Dear Helena,
I am trying to be proactive about online dating, so I’m going on a lot of first dates courtesy of I always treat on a first date, and not at some hole in the wall either. I’m also really into Groupon. But if I take a girl out to dinner, will I look cheap if I ask the server to apply my Groupon?
—Tight-Fisted Romeo

Dear Tight-Fisted Romeo,
Using a coupon on a first date is like asking for a doggy bag—it ruins the atmosphere. Yes, in both cases you’re demonstrating thrift and foresight, valuable qualities in a mate. But it’s best to wait until the third or fourth date to show this side of you. A knack for fiscal planning is important, but it’s not sexy. Unsurprisingly, Mark Kelly, co-owner of Tree in New York, says daters are embarrassed about using coupons, whether from Groupon, BlackboardEats, Scoutmob, or another site. “Guys will come up to me [and ask me to apply a coupon discount]. They say, ‘I do not want you to bring the check to the table; I do not want to see it again.’ And I’m like, ‘I won’t blow your cover.'” So yes, if your date doesn’t know you well and you use a coupon, he or she may well think that you are cheap. As Patti Feinstein, a dating coach, says: “It’s a bad sign, like being rude to the waiter or undertipping.”

While I’m on the topic, let me clarify some other points of coupon etiquette. Firstly, there’s no need to tell the restaurant you plan to use one when you’re making the reservation or when you get to your table. They shouldn’t treat you any differently if you have a discount. At Tree, says Kelly, “They will get the exact same experience.”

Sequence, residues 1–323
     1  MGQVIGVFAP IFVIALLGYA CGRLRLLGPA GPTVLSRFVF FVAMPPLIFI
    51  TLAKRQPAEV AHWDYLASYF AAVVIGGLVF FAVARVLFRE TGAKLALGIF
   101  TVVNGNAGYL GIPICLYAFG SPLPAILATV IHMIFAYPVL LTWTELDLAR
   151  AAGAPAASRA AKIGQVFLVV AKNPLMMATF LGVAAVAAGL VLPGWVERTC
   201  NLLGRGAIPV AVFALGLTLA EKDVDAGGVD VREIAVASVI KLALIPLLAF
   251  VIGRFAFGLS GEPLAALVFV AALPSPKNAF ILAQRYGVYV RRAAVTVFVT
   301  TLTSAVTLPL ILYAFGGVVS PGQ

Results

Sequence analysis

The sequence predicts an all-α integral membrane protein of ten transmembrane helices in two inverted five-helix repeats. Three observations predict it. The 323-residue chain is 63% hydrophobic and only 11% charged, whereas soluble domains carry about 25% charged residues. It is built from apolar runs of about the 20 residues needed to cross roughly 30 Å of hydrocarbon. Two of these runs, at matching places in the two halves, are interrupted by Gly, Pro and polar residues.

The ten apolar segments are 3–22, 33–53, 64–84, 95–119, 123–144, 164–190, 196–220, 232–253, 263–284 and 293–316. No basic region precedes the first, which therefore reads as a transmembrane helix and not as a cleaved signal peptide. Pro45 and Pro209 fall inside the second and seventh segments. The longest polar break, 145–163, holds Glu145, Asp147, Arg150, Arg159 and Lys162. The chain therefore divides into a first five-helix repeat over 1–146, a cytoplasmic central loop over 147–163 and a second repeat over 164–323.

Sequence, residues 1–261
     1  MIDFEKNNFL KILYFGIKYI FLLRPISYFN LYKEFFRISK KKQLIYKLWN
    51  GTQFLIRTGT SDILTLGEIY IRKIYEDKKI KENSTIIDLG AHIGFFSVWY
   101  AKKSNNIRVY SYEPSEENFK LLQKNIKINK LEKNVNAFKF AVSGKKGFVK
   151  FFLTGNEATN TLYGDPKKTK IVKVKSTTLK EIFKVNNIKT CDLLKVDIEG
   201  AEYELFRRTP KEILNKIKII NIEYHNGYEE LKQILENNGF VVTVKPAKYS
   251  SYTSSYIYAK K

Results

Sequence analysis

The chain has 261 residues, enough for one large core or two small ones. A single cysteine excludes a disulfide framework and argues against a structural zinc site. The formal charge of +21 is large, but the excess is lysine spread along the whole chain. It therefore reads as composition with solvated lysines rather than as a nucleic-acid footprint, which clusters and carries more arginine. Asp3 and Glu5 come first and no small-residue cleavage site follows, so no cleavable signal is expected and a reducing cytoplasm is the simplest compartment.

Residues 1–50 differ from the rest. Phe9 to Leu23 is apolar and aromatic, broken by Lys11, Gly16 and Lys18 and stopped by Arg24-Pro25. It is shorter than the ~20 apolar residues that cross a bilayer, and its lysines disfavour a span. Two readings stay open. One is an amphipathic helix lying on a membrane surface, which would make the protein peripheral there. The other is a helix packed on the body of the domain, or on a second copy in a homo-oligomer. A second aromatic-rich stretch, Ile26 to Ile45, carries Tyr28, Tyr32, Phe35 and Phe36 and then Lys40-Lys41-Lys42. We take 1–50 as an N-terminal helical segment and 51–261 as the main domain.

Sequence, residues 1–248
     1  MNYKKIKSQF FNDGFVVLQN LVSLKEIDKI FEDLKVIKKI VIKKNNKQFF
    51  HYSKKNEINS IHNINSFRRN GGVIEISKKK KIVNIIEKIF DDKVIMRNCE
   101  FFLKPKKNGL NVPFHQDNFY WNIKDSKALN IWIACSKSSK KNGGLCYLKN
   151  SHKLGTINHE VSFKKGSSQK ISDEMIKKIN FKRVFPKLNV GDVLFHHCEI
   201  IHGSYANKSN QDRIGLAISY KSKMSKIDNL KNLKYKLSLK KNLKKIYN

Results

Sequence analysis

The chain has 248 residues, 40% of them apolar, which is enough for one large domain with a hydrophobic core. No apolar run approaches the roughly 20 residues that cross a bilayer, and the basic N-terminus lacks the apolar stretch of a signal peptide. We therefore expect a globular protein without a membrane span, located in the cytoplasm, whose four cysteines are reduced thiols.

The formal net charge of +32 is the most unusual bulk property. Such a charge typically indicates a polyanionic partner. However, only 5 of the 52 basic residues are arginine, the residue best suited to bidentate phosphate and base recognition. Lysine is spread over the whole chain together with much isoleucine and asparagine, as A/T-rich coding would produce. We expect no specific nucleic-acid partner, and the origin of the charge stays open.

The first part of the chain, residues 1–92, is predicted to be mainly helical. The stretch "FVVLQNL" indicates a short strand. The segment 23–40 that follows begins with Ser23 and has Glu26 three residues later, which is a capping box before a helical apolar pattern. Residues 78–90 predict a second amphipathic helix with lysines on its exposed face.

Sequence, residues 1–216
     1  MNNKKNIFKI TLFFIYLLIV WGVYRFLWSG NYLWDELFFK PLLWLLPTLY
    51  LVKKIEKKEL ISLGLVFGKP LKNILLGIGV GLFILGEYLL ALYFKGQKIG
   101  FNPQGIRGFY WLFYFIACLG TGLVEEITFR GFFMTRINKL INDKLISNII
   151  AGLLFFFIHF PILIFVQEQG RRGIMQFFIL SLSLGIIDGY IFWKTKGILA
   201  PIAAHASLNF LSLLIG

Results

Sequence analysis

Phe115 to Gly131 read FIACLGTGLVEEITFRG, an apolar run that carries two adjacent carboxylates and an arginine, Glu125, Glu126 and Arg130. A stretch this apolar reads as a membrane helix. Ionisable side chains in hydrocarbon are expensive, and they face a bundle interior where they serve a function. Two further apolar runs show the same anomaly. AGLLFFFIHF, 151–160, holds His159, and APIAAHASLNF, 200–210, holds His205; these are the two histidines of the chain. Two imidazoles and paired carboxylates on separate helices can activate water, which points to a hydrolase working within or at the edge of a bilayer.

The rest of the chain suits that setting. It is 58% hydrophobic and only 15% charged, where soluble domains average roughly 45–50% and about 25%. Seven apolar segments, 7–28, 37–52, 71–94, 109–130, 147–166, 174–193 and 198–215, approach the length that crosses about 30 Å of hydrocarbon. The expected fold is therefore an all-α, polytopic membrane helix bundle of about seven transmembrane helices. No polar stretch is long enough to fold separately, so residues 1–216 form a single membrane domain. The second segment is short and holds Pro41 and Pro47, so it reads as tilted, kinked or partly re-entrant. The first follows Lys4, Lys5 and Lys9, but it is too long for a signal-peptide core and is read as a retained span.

Second, if you’re dining with friends and you get the check, you should apply the discount to the group’s total, not just to your own share. You look stingy if you say, “I’m applying my Groupon to my half, which means I owe $15 and you owe $35.” Plus you risk blighting the end of the meal with petty math. It leaves a bad taste if you force your friends to break out their phone calculators after dessert. That’s why I recommend always splitting the check equally, even if one of you just had water and a salad.

If you insist on keeping your coupon to yourself, you should dine solo. Or else do as Joyce Handley, creator of the blog Haochi DC, advises: “Grab the check and say, ‘I’ll get this; you get the next one.'” That way, you can reap the benefit of your investment, but you look generous rather than mean. (Obviously this only works if your friends are the type to remember when it’s their turn to treat.)

It goes without saying that you should tip on the prediscount amount (the same way you should tip on the full amount if a restaurant comps part of your meal). As Kelly explains: “As the restaurant, we have decided to discount the food. The servers haven’t decided to discount their wages.” If you weren’t already aware of this, Groupon reminds its users to tip on the full price, and Kelly says he rarely has a problem. The restaurant should not do as Dressler in Brooklyn allegedly does: enclose a reminder with the check. (The restaurant did not respond to my requests for an interview.) Even if you print the reminder in an elegant copperplate font, it’s still tacky to tell your customers how much to tip.

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